While support for hydrogen trucks is still building, the market for hydrogen passenger vehicles simply doesn’t seem to be there. Shell has decided to close all of its seven California-based hydrogen stations for light-duty vehicles due to “supply complications and other external market factors”.
The support for hydrogen-powered passenger cars seems to be dropping. Even Toyota, a firm believer in alternatives for battery-electric vehicles (BEV), has shifted its hydrogen strategy to commercial vehicles rather than cars, as the fuel cell-powered Mirai fails to catch on in its second generation.
Misled by suppliers
Now, oil giant Shell has decided to close down its California-based hydrogen stations for light-duty vehicles after initially planning to build 48 of these stations in the state. Hydrogen Insight first published the news, with Shell citing “supply complications and other external market factors”. Shell’s three heavy-duty hydrogen stations will remain in use.
The supply complications seem to come from the Japanese gas company Iwatani, which runs the stations and is, in turn, suing its Norwegian supplier Nel for “hiding defects and misleading the company”. And with the lack of demand to make fixing the problem worthwhile, Shell seems to have decided to cut its losses.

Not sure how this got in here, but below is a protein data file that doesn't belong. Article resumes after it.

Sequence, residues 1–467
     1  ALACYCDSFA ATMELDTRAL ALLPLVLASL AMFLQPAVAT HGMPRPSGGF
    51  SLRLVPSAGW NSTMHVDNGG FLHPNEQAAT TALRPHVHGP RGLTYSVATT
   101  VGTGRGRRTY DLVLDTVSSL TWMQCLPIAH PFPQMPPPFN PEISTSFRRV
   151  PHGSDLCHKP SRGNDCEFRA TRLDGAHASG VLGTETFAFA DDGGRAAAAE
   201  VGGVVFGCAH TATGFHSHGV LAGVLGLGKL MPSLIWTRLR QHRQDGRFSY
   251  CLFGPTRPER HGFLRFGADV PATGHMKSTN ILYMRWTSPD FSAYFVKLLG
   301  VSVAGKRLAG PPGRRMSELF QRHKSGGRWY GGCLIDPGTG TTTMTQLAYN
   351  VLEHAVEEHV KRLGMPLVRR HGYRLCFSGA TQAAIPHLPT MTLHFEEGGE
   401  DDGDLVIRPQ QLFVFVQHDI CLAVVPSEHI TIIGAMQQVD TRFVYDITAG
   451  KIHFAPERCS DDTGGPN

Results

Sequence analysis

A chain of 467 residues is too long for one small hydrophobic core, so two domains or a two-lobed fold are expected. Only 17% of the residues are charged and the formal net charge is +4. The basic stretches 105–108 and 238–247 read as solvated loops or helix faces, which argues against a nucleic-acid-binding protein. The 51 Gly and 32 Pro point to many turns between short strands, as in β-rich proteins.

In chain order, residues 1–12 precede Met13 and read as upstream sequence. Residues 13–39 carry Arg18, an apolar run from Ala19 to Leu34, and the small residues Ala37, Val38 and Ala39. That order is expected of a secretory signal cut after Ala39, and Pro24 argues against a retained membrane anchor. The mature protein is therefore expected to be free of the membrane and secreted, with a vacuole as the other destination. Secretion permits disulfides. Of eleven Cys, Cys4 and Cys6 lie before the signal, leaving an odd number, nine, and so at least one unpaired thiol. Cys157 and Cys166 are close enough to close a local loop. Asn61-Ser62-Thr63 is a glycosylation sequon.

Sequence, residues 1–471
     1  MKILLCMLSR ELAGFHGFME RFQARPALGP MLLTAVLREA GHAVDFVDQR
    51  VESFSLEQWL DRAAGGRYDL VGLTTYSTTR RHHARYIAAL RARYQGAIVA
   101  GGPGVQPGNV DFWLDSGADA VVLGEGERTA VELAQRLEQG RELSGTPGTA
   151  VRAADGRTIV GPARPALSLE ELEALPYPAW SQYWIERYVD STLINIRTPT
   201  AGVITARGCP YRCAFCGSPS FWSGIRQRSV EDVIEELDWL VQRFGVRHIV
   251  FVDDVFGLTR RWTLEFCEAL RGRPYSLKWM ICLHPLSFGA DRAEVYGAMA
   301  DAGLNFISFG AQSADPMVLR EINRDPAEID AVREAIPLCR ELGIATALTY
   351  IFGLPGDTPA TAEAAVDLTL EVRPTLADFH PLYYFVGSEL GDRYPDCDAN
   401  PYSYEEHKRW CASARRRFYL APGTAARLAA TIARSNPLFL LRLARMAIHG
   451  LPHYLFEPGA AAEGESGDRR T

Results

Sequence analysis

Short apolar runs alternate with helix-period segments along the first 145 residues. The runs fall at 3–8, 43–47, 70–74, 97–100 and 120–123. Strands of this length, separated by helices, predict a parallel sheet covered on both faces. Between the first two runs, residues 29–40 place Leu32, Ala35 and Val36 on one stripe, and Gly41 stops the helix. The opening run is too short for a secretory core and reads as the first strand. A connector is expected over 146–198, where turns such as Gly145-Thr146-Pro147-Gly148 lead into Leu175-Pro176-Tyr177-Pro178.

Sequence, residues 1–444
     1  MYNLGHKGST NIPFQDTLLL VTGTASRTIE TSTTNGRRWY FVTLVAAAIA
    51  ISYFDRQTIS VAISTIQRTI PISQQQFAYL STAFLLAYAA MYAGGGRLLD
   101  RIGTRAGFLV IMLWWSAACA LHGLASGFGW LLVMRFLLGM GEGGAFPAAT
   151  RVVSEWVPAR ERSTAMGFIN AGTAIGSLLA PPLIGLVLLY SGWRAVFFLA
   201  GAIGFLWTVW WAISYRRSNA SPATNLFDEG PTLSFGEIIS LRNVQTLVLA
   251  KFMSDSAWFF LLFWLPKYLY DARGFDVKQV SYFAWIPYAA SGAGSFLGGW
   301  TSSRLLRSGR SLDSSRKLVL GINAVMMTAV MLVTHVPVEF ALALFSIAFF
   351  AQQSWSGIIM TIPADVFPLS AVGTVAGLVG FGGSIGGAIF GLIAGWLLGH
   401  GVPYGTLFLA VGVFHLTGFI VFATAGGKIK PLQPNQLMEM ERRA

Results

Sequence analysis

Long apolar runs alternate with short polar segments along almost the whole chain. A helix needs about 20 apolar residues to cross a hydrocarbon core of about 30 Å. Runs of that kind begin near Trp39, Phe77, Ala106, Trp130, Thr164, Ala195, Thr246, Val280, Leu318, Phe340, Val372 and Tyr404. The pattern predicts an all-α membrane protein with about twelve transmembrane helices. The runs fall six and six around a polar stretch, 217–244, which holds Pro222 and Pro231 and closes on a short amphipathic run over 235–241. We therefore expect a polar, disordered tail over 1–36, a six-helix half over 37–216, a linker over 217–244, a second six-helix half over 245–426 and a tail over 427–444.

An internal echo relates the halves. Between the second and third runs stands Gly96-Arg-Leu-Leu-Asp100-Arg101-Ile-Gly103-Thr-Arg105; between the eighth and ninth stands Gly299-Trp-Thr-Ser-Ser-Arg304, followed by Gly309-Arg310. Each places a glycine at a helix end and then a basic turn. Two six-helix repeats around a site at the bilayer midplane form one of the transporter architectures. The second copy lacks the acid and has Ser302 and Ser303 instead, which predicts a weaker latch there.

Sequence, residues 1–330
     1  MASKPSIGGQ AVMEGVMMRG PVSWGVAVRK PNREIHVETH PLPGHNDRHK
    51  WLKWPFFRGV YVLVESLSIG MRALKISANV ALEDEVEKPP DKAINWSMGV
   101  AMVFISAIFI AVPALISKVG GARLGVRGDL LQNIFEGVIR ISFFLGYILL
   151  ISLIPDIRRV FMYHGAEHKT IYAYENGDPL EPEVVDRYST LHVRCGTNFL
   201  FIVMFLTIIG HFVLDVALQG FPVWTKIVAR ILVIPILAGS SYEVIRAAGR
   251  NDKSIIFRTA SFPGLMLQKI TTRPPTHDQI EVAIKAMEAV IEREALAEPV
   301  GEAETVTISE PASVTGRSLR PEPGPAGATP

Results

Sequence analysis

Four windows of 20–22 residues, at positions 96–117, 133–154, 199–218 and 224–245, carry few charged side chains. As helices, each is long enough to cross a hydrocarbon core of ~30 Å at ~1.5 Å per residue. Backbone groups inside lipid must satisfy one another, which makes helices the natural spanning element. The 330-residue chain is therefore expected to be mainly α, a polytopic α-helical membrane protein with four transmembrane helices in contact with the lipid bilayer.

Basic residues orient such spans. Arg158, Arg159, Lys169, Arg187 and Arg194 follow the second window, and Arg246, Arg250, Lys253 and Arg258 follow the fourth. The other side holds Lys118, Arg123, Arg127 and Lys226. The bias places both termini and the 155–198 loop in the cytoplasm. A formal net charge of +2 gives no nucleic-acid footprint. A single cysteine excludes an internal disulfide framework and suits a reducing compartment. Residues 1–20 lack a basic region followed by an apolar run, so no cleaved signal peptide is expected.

This makes finding fuel an even more difficult task for California-based FCEV drivers, even in a state that is one of the strongest hydrogen markets worldwide. But even there, the only three available models (Toyota Mirai, Hyundai Nexo, and the Honda Clarity) aren’t selling and are becoming worth even less on the second-hand market.
Commercial vehicles better suited?
Instead, the more viable business case for hydrogen-powered vehicles will be found in the commercial market. In Europe, Stellantis is offering a hydrogen version of all of its mid-sized and large vans, while new stations are being built by Daimler Truck (Mercedes) in Germany and by Nikola in the US.
In the commercial space, hydrogen’s additional uptime, thanks to shorter refueling times compared to charging and the extra payload due to the lack of a heavy battery pack, seems to offset the energy efficiency and cost drawbacks compared to a battery-electric solution. But the technology is still in its infancy, with production-ready heavy trucks from the big manufacturers still a few years away compared to the already-available electric alternatives.